Dinner In Two Hours.

Dinner in some parts of the world is defined differently from how we do it here and so, I start off by defining it by the meal that we have after sunset usually between 7.30 to 9.30 pm.

I stopped having dinner three years ago and have not missed having it. Before stopping, I used to have a light dinner usually around 7.30 pm but never after 9.00 pm. So, today, this topic is really not applicable to me but I go down memory lane to do justice to the topic suggested by Maria for this week’s Friday post.

For thirty one years of my life, dinner, whenever I was at home was exactly two hours after my reaching home in the evenings. I say, whenever I was home as, on an average, I used to be out of station for fourteen nights a month on tour.

Why two hours? I would come home, fix my first drink of the evening, have a short chat with my late wife about the day and go off for a shower and change to return to have my second drink and watching TV or catching up with family matters and it would be time for dinner.

After I stopped working which coincided with my becoming my wife’s caregiver, I was the cook. Her mealtimes were sacrosanct and fixed at 7.30 pm. It was usually a light TV dinner that both of us had while watching dinner in the drawing room as opposed to lunch which was in the dining room. Fixing these meals was never a chore and it would hardly take more than thirty minutes or so and therefore the old routine of two hours to dinner went out of the window.

Now, my son and daughter in love eat dinner at any time that they find convenient and it is usually left overs from the afternoon lunch, or some thing that they would send for home delivery. I would not even know when they have as, by eight pm, I would have retired to my room for the night.

This is my contribution to this week’s Friday 8 On 1 blog post topic. The other seven bloggers who write on the same topic every Friday are Maria. Sanjana, PadmumRaju, Shackman , Srinivas and Conrad.  This week’s topic was suggested by Maria. Please do go over to their respective blogs to see what they have to say on the topic. Thank you.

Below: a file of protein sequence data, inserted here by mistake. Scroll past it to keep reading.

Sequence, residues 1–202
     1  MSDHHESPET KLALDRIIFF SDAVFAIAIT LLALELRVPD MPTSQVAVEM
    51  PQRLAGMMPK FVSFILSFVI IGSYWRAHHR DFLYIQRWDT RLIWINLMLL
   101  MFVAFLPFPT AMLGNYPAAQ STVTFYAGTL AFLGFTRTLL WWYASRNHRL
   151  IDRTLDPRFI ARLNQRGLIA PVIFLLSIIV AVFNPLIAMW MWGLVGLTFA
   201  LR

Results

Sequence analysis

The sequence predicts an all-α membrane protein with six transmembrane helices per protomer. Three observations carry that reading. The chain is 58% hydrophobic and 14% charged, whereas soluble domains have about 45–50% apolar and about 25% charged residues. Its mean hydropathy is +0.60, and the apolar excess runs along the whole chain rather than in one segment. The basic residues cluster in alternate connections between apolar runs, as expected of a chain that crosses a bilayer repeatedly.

15 thoughts on “Dinner In Two Hours.”

  1. I am pretty regular in my meals. Better for my system. Dinner usually at 6. I like how your household respects each other’s different times for activities.

    XO
    WWW

    1. Respect is not how I would put it WWW. I am the only retired person at home and can follow a discipline. The other two, when at home, are for ever on the phone!

  2. We called it dinner when I was a kid. Now it’s supper… I’m not sure why. As long as I can remember, we’ve had it sometime not long after 5 PM, sometimes later if I was working late. If I worked very late, I’d heat up whatever had been cooked. Even when we would go out to eat – before COVID – we’d usually arrive close to 5… and almost never had to wait until a table was available.
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    1. The British lunch/dinner debacle most amusing. English FOS (father of son) taught me, on arrival on these shores, and in no uncertain terms, that lunch was at lunch time, dinner was at dinner time. and supper was when you felt peckish after returning from the theatre. People calling lunch dinner, and dinner tea were from up North and working class. OK.

      In the motherland it’s simple. Apart from not having a class system (upper, middle, lower and the whole spectrum in between) the motherland’s lingo is precise. So, Breakfast is an “early piece”, lunch is “middle of the day eat”, let’s forget Coffee and Cake in the afternoon I believe the main reason I fled the motherland as I don’t have a sweet tooth, and come late afternoon/early evening it’s “evening bread”. And that’s the same for everyone whether you are peasant, insurance salesman or Angela Merkel running the country.